Pingdemic: How can HR adapt to staff shortages caused by self-isolation?

According to the CIPD, almost six in ten (57%) HR professionals have said they have suffered staff shortages in the last month due to employees being told to self-isolate by the NHS Test and Trace app.

Dubbed the “pingdemic,” campaigners including the CIPD are now lobbying government to review isolation procedure to prevent operational difficulties in organisations as each nation gradually lifts lockdown restrictions.

While ministers decide on what, if any, changes they will make to self-isolation, what can HR do to limit the damage staff shortages can have on their businesses?


Technology will keep things running smoothly

Marcus Beaver, UKI country leader at process outsourcing company Alight Solutions, told HR magazine he is concerned the pingdemic will give retail and hospitality sectors little chance of bouncing back from the financial challenges of the past 18 months.

Having effective, and potentially automated, tech in place to monitor staff availability and attendance will be critical to keeping businesses moving forward he said.

"Employers need overviews of shift patterns, with accurate information about who worked when or who wasn’t able to make it to their shift," he said.

“Businesses across the country have longed for Freedom Day, but unfortunately this is the next stage in the ongoing impacts faced by the pandemic. Employers who implement processes that aid efficiency, while reassuring staff about the changeable situation we are all in, will set themselves up for survival.”


Redeploy and mind mental health

In addition to flexible work arrangements, CIPD head of public policy Ben Willmott suggested employers redeploy existing staff to the most critical areas of business or hire temps, to cope with any shortages.

“Inevitably, businesses may have to compromise service at times to ensure guidance is followed,” he added.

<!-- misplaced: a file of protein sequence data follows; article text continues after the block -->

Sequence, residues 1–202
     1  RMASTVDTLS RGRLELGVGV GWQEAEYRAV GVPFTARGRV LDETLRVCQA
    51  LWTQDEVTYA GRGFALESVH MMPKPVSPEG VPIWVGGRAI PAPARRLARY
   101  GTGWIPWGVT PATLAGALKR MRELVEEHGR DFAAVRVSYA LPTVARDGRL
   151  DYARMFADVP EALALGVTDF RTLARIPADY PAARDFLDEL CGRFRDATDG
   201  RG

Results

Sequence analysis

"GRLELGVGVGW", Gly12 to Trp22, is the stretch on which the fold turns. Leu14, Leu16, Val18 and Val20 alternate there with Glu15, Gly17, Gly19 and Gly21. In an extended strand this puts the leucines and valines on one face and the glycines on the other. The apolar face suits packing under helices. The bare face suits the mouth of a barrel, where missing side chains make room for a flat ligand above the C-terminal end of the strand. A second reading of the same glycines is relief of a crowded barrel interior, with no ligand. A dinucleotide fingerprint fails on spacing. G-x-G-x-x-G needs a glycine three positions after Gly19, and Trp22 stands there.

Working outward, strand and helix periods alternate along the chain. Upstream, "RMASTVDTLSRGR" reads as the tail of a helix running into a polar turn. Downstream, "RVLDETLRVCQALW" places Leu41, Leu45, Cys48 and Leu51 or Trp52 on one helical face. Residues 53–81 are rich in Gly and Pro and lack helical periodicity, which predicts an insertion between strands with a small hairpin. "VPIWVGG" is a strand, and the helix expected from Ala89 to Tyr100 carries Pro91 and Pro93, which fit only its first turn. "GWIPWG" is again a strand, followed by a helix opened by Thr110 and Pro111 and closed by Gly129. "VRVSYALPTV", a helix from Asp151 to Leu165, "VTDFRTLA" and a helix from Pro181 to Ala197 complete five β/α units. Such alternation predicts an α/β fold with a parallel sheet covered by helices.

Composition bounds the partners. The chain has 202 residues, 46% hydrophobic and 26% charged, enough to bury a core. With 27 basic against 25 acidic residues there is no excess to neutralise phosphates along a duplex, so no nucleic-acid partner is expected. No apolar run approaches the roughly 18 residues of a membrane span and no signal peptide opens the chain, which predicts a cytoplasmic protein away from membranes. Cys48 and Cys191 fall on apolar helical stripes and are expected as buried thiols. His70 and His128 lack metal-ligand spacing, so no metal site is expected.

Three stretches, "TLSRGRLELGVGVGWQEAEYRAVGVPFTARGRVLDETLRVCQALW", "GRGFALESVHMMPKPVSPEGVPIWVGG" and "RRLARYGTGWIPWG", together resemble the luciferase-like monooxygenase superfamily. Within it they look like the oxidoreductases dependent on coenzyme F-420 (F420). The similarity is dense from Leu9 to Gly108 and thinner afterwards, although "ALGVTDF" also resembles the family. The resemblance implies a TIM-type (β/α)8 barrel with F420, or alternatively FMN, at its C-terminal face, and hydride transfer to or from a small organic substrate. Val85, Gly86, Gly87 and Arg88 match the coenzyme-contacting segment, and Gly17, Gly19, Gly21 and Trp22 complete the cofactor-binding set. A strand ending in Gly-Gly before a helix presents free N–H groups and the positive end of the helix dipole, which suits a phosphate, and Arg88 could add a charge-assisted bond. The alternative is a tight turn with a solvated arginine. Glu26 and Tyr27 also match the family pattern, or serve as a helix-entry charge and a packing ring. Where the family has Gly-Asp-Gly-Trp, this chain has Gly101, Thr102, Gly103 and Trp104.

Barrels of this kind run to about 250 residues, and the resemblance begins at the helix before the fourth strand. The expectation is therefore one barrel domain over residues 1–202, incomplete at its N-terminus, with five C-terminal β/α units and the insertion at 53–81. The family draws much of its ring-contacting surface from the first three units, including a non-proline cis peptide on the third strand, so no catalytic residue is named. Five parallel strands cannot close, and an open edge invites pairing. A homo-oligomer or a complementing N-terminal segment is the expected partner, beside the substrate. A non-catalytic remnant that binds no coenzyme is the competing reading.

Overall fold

Where people can’t work from home, Wilmott said employers should consider staggered start and finish times, as well as a review of workplace layouts to limit points of potential contact between employees.

He also urged HR to be mindful of the mental toll on staff as well as physical health risks as many employees will be anxious about rising infection levels.

“This problem is only going to grow as the economy continues to open up after restrictions end, with the risk that disruption to organisations’ services and operations starts to have severe consequences for the public and business,” he added.


The government's options

The Confederation of British Industry has asked for those who have had two doses of a COVID vaccine to be exempt from self-isolation ahead of the current deadline of 16 August when this restriction is lifted.

As part of a review of isolation rules, the CIPD has recommended government consider the merits of the ‘test and release’ scheme, in which workers could be allowed to return to work following a series of negative PCR tests.

A scheme where people are asked to take daily coronavirus tests instead of self-isolating may also be part of the solution. Downing Street confirmed that this method was being piloted as the prime minister and chancellor were purportedly to take part in it following contact with health secretary Sajid Javid, who has tested positive for the virus.

On review, and following public backlash, the pair are now self-isolating instead.